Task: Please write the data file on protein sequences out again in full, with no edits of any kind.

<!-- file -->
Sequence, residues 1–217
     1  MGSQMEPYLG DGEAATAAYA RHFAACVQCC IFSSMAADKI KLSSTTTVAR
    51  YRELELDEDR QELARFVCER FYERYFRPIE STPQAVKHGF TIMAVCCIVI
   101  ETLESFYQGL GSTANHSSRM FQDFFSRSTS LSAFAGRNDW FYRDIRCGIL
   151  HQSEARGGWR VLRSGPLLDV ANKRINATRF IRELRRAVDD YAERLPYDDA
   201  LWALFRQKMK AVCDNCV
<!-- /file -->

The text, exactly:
Sequence, residues 1–217
     1  MGSQMEPYLG DGEAATAAYA RHFAACVQCC IFSSMAADKI KLSSTTTVAR
    51  YRELELDEDR QELARFVCER FYERYFRPIE STPQAVKHGF TIMAVCCIVI
   101  ETLESFYQGL GSTANHSSRM FQDFFSRSTS LSAFAGRNDW FYRDIRCGIL
   151  HQSEARGGWR VLRSGPLLDV ANKRINATRF IRELRRAVDD YAERLPYDDA
   201  LWALFRQKMK AVCDNCV